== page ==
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Compared to many Western countries, juvenile justice reforms in India have been slow. However, significant strides have been made in enacting various child- friendly laws. Most importantly, the JJA (1986) and JJCPA (2000) have developed child-friendly policies, judicial infrastructure, and institutions to house children in need of care and protection as well as juveniles in conflict with the law. In 2000, the JJA was replaced with the JJCPA due to criticisms that the JJA lacked many of the provisions enumerated in the CRC. Also, the JJA failed to incorporate the standard definition of “juvenile” (boys under age 16; girls under 18 years old) and did not make procedural rights (e.g., appellate review of juveniles placed in observation homes and right to an attorney in neglected cases) available (Van Bueren 1999).

Both the JJA and the JJCPA represent a modified justice model; they contain elements of welfare and justice principles (Chakraborty, n.d.). Also, any violations of the provisions of the CRC can be invoked before the courts or entities with judicial powers (Srivastava 2004). More important, children’s activists, nongovernmental organizations, and the Indian Supreme Court have played significant roles in upholding children’s rights. The JJCPA brought children who faced social and economic deprivation within its protective jurisdiction (Kumari 2004). Despite these developments, access to justice for many poor children remains problematic. The National Human Rights Commission in India documented various forms of violations of child rights, including inadequate enforcement of child labor laws, child trafficking, and various forms of violence against children (National Human Rights Commission 2006). Although some states have successfully implemented laws protecting the rights of children, others have either ignored children or do not have the infrastructure, funds, or the necessary training.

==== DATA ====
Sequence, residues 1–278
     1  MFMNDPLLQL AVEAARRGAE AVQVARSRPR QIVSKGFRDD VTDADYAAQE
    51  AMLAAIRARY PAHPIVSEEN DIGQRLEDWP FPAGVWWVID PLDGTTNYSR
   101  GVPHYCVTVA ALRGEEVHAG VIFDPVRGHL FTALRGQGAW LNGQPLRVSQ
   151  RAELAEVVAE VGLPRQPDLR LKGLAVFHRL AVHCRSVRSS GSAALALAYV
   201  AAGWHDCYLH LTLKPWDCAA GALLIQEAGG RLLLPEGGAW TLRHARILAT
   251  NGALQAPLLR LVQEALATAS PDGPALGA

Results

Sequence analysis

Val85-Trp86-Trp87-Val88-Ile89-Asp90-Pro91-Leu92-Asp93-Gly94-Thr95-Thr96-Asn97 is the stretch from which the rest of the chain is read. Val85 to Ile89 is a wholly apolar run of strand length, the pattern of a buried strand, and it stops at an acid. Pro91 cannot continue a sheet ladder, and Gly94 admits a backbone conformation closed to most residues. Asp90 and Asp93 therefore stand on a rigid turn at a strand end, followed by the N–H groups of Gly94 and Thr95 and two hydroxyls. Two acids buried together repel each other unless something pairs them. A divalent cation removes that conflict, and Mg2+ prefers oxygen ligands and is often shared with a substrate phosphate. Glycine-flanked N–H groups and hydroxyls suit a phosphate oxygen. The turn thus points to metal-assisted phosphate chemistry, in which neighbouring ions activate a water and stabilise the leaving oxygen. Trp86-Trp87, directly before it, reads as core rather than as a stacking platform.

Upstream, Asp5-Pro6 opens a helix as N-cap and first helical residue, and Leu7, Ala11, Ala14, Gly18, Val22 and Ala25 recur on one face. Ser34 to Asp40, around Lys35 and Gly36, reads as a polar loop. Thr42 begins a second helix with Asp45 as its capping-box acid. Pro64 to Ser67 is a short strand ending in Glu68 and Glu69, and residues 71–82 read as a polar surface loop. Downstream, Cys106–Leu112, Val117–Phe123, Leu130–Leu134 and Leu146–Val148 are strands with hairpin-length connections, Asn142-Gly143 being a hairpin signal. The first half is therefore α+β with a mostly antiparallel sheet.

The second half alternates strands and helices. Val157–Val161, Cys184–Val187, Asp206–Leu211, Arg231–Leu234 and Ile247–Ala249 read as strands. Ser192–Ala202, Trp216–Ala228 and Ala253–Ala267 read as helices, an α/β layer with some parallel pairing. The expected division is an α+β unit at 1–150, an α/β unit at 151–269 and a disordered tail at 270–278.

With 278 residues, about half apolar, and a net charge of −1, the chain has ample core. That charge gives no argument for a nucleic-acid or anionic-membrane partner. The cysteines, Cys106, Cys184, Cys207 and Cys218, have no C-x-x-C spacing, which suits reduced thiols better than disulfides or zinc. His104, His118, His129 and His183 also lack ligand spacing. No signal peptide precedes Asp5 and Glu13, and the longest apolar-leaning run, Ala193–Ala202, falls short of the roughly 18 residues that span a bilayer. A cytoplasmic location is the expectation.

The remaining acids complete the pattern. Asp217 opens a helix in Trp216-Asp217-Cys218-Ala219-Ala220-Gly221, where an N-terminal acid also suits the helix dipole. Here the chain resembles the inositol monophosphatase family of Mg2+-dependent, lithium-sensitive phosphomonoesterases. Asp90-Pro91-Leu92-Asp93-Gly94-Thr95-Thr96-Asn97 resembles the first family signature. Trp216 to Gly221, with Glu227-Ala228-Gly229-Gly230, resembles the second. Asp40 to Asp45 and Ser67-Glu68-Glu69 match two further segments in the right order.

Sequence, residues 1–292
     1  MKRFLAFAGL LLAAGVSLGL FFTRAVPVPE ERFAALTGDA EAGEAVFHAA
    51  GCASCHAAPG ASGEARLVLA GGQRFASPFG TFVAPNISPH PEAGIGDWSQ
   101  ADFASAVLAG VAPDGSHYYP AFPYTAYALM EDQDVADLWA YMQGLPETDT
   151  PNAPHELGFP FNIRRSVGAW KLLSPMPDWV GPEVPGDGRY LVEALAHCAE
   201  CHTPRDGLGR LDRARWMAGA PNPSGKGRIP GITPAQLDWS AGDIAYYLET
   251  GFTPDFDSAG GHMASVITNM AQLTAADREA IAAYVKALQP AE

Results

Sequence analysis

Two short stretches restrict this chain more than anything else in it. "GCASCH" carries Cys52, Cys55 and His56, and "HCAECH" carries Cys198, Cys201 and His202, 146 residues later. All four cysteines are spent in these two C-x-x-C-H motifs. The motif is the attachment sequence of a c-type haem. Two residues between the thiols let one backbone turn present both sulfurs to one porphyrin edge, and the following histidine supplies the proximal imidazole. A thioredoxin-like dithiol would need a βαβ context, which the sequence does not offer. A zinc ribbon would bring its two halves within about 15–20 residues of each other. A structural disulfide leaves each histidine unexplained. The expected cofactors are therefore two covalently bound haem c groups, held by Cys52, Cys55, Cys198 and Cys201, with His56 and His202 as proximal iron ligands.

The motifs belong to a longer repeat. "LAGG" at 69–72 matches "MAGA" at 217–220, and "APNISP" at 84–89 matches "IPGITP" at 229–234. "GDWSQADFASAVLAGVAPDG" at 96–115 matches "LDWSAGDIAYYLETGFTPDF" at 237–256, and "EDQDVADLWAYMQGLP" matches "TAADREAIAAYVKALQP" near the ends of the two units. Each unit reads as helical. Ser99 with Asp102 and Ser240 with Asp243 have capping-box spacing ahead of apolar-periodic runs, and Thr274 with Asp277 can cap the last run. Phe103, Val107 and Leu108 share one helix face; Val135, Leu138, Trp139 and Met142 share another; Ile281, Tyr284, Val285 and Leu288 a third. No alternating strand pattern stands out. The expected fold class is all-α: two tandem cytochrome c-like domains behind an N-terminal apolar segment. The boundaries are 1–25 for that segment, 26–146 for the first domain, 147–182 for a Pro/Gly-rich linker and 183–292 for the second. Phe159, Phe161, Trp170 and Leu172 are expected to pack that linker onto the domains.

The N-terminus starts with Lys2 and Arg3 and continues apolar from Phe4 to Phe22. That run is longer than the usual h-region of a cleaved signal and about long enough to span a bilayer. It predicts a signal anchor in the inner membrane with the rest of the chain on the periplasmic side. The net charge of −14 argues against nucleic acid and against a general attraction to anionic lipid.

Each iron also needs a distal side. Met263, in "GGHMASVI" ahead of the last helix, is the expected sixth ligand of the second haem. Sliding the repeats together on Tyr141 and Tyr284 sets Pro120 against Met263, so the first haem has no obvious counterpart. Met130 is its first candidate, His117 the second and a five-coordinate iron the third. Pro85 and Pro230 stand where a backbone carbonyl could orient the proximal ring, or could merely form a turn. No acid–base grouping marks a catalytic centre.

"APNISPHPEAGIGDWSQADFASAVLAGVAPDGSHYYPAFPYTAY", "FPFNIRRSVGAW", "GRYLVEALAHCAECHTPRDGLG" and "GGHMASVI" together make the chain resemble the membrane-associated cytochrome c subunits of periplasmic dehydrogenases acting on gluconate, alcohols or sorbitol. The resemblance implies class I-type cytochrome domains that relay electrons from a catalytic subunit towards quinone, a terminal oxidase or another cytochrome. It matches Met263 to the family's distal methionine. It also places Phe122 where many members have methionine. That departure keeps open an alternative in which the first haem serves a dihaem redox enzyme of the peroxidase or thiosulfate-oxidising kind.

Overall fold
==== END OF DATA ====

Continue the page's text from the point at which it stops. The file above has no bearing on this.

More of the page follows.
Changing public opinion also shapes the future of the juvenile justice system. For example, a case in 2012 prompted public outcry over the lenient treatment of juveniles who commit heinous crimes. The involvement of a 17-year-old juvenile in the brutal rape of a 23-year-old college student, Jyoti Singh, in New Delhi turned public opinion against the JJCPA (2000). The young woman was brutally gang-raped and left to die by six men, including the 17-year-old adolescent. The 17-year-old was tried as a juvenile and received a three-year sentence, which was to be served in the special home. Following this incident, a new bill—the Juvenile Justice (Care and Protection of Children) Bill (2014)—was introduced in the Parliament which lowered the age of juveniles who can be tried as adults from 18 to 16 years if charged with heinous crimes such as murder, rape, and dacoity. The Bill also stipulates that 16-18-year-olds can be tried as adults for committing serious offenses if they are apprehended after they reach the age of 21 years.

Opponents of this bill argue that such a law violates the CRC’s prohibition of trying a juvenile under the age of 18 as an adult. Further, treating juveniles who commit serious crimes as adults based on the date of apprehension violates Article 14 (right to equality) and Article 21 (requiring fair and reasonable procedures) of the Indian Constitution (PRS Legislative Research 2015). They further argue “that the 16-18 years is a tender and critical age requiring greater protection” (p. 2). Proponents of this bill, however, argue that there are several safeguards in place, such as allowing the Board to decide whether a juvenile over 16 years should be tried as an adult. If the court convicts the juvenile, the order must contain a rehabilitation plan. Once the juvenile is found to be in conflict with the law, he or she will stay in the special home until the age of 21, at which point he or she will be transferred to an adult jail. The bill was passed into law [the Juvenile Justice (Care and Protection of Children) Act 2015] and will be enforceable starting from January 15, 2016. Time will tell if the punitive nature of this legislation will affect how the public, police, and the judiciary perceive juveniles.

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